Early recognition of inflammatory activity, prompt intervention, along with tight monitoring constitute the cornerstones of the treat-to-target approach in ulcerative colitis (UC)[1,2]. Recently, the Therapeutic Goals Consensus in Inflammatory Bowel Disease (STRIDE-II) has highlighted that achieving mucosa healing in the rectum and colon is the long-term goal for patients with UC (Figure 1)[2]. Total colonoscopy provides comprehensive information about the extent and severity of inflammatory activity in patients with UC. This approach enhances the precision of UC management, whether conducted via colonoscopy or sigmoidoscopy[3]. With this in mind, we would like to extend our congratulations to Liu et al[4] for their article published last month in the World Journal of Gastroenterology. Their results confirm that the Toronto Inflammatory Bowel Disease Global Endoscopic Reporting (TIGER) score is a reliable and straightforward endoscopic index for UC patients to assess the overall endoscopic disease burden[4]. In a retrospective study involving 166 patients with UC, the authors demonstrated a strong correlation between the TIGER index and the UC Endoscopic Index of Severity (UCEIS) score (r = 0.721, P < 0.001) and a moderate correlation with the Mayo Endoscopic Subscore (MES) (r = 0.626, P < 0.001). UCEIS and MES are widely used indices in UC. Furthermore, a TIGER score ≥ 317 was identified as an independent risk factor for advanced treatment. This includes, the use of systemic corticosteroids, biologics, immunomodulators, thalidomide, and surgery. Nonetheless, there are certain aspects that warrant further investigation in subsequent studies.

Figure 1
Figure 1 Treat-to-Target approach for ulcerative colitis. MES: Mayo Endoscopic Subscore; UCEIS: Ulcerative Colitis Endoscopic Index of Severity score; TIGER: Toronto Inflammatory Bowel Disease Global Endoscopic Reporting score; QoL: Quality of life; CRP: C-reactive protein; FC: Fecal calprotectin[15]. Citation: The authors have obtained the permission for figure using from the BioRender.com (Supplementary material)[16].

To commence, fecal calprotectin is regarded as an intermediate target in UC[2]. While Liu et al[4] did not incorporate this biomarker in their research, other studies have established a correlation between fecal calprotectin levels and TIGER.

Secondly, it is important to determinate the TIGER scores that define endoscopic remission and endoscopic response. While the UCEIS score and MES 0 have been proposed as definitions for endoscopic remission, a decrease in UCEIS by ≥ 2 points or a decrease in Mayo endoscopic score by ≥ 1 grade is suggested for defining endoscopic response in UC[5].

Thirdly, exploring the agreement between the TIGER score and histological activity in UC is crucial. Previous studies have established correlations between the endoscopic scores (UCEIS score and MES) and histological indices[6,7].

Fourthly, it is essential to assess the agreement among endoscopists for the TIGER score. Studies have demonstrated adequate, though not perfect, correlation between different endoscopists when using MES or UCEIS in UC patients[8], but agreement among endoscopists for the TIGER score has not been conclusively demonstrated[9].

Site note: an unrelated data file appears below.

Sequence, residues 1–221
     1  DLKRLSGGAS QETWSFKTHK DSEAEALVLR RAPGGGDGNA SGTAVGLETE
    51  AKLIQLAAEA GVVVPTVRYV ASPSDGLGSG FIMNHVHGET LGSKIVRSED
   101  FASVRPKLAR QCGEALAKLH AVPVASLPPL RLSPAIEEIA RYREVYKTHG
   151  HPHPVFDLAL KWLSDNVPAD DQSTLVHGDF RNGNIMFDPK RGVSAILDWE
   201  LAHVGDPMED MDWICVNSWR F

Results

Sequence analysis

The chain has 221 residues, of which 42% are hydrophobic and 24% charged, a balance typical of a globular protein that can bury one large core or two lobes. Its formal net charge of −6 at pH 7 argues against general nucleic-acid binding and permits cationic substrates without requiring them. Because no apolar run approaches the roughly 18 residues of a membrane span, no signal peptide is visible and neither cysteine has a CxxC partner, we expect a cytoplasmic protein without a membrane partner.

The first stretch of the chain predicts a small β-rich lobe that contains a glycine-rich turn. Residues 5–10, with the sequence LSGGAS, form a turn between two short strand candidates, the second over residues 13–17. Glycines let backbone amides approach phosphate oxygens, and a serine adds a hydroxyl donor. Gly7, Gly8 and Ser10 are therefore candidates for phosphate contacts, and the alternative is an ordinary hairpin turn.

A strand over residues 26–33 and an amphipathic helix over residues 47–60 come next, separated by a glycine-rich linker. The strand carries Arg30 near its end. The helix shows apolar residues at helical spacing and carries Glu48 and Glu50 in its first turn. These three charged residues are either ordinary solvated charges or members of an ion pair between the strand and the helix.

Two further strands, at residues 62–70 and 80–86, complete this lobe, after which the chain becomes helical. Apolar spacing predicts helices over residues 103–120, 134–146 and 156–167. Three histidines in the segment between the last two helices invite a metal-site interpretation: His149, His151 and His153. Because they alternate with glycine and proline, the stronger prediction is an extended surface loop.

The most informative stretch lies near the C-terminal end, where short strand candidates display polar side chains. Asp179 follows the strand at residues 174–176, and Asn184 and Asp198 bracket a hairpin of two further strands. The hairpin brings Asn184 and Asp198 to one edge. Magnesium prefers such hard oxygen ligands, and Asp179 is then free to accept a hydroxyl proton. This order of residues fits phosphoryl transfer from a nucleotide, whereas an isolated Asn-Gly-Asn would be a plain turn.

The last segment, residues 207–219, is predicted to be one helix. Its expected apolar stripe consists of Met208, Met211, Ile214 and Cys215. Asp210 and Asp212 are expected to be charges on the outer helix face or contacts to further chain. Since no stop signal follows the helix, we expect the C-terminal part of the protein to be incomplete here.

Finally, considering the potential of intestinal ultrasound as a tool for assessing inflammatory activity in UC patients, like MES[10], it would be valuable to explore whether there is a correlation between the TIGER score and the intestinal ultrasound index.

As previously mentioned, there is currently a lack of consensus regarding the preferred endoscopic method for evaluating the goal of endoscopic healing in UC patients. Some studies have suggested that sigmoidoscopy might be sufficient, given the highest inflammatory activity is typically observed in the distal colon[11,12]. However, this recommendation has not been universally confirmed, as some UC patients may exhibit higher inflammatory activity in the ascending colon. In such cases, total colonoscopy becomes the most appropriate endoscopic examination to assess inflammation in UC patients[13,14]. Although sigmoidoscopy is limited to evaluating inflammatory activity from the rectum to the descending colon, it is essential to recognize some benefits of this procedure. Sigmoidoscopy is safer, requires reduced preparation, has a lower cost, and takes less time to perform compared to a total colonoscopy. Moreover, some patients may find this procedure preferable.

Given the current lack of consensus and the need for confirmation through prospective multicenter studies, a personalized approach should be recommended for the evaluation of activity and severity of inflammatory activity in UC patients using the TIGER score. Total colonoscopy is likely the preferred method in scenarios where sigmoidoscopy results are inconsistent with clinical setting or biomarkers. This is particularly applicable in patients with UC and primary sclerosing cholangitis and during surveillance for the development of colorectal neoplasia.


Provenance and peer review: Unsolicited article; Externally peer reviewed.

Peer-review model: Single blind

Specialty type: Gastroenterology and hepatology

Country/Territory of origin: Chile

Peer-review report’s scientific quality classification

Grade A (Excellent): A

Grade B (Very good): 0

Grade C (Good): 0

Grade D (Fair): 0

Grade E (Poor): 0

P-Reviewer: Knudsen T, Denmark S-Editor: Chen YL L-Editor: A P-Editor: Zheng XM